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The temptation to use Halloween and the entire month of October as a tie-in to new product launches is great for brands, as the season's themes are wide-ranging, fun and unabashedly commercial. That said, PR firms and departments need to be careful at this time of year. Without a keen and up-to-date picture of media mentions, companies could stumble into PR issues.
Before digressing into warnings about Halloween promotions, it pays to remember how valuable it can be to launch or promote a product with a strong link to the holiday. This is especially true for food and beverage makers, as there is perhaps no holiday tied so closely to snacking.
Foodbev Media recently ran down some of this year's launches and tie-ins from around the world, including some clever uses of Halloween imagery on products that have not previously had any link to the holiday. For instance, Frito-Lay has debuted black Doritos-brand chips adorned with vampire imagery - exclusive to Japan, at least for now.
The source noted that UK discounter Lidl went even further away from traditional Halloween snacks, debuting tri-color pasta with ghost, bat and pumpkin shapes. The opportunities to launch a new flavor, shape or packaging design in the run-up to Halloween are nearly limitless. With a little effort, you can make just about anything scary, but sales forecasting is important as companies can misjudge demand and end up in crisis mode with product that will not be relevant again for a year.
Not every brand that launches a tie-in to the season is having a happy Halloween. In fact, those that make mistakes will likely need much more active PR departments than their competitors. The U.K.'s The Telegraph recently ran down a list of offensive Halloween costumes for this year, the type of context no brand wants. Celebrities are also not immune from some Halloween backlash, here is a roundup of recent celeb costume snafus.
While some of the ideas mentioned in The Telegraph's roundup are clearly in bad taste and courting controversy, others may have seemed like a good idea at some time. In the age of Instagram and Snapchat, brands that end up in trouble over their decisions will likely need up-to-the-minute media monitoring to quickly realize there is a problem and distribute messaging to counter any lasting reputation damage. Truly great PR departments can learn from others to prevent such a situation from ever happening.
When teams perform active and up-to-date media monitoring regarding topics of interest, they may realize in advance that a trending topic turned into product or costume idea holds the potential to miss the mark or just downright offend. Such thinking by costume manufacturers may have prevented the creation of an outfit designed to evoke Kim Kardashian becoming the victim of a robbery in Paris, which took pride of first place in The Telegraph's offensive costume list.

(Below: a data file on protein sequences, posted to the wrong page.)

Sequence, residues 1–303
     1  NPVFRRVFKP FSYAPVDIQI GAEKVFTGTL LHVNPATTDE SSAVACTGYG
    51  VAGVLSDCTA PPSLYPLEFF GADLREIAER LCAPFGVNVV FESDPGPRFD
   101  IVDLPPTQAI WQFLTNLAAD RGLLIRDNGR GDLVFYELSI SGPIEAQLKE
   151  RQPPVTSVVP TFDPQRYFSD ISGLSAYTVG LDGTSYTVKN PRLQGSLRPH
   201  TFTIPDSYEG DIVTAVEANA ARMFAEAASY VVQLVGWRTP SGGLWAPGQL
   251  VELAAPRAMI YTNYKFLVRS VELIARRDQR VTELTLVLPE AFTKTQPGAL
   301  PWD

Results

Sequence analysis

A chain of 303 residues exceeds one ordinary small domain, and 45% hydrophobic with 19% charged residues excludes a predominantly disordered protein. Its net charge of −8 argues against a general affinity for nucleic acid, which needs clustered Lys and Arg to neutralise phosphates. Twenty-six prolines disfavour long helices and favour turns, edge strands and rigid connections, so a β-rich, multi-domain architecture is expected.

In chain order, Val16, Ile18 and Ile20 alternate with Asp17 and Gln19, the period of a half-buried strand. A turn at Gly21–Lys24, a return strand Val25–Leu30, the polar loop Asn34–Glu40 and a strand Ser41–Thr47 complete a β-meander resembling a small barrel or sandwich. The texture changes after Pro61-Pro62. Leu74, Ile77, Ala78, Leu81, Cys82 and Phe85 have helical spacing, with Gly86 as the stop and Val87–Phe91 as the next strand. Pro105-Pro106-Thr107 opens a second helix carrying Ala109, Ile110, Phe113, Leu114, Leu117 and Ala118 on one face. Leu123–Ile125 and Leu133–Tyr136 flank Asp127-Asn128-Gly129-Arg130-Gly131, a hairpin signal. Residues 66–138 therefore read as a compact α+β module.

Sometimes, events in the Halloween season cause PR problems for companies that weren't even trying to engage with the season. In these cases, it's especially important for organizations to stay aware of potential issues and counter them carefully.
The Guardian, for example, reported that McDonald's decided to keep its popular Ronald McDonald character out of the public eye in the U.S. market after a rash of incidents throughout October in which individuals dressed as clowns have intimidated or frightened passersby.
By observing the tone of coverage around clowns worldwide, the restaurant chain made a proactive decision to avoid possible negative associations. The decision was seemingly reached not based on any incident with Ronald McDonald, but the general attitude toward the frightening clown sightings. Preemptive actions are possible if PR departments have keen and timely awareness of media activity.
To be successful, brands must make sure to keep their campaigns tasteful, understand public sentiment and stay aware of current trends.These insights and tie-ins can provide relevant and appropriate options for branded campaigns and product launches in October. Just in case something does go wrong, it pays to be hyper-aware of any negative coverage of the business or products in question--this level of visibility is made possible today with technology monitoring media 24x7. Halloween is a season of tricks and treats, but brands don't want to be haunted by PR mistakes made during October.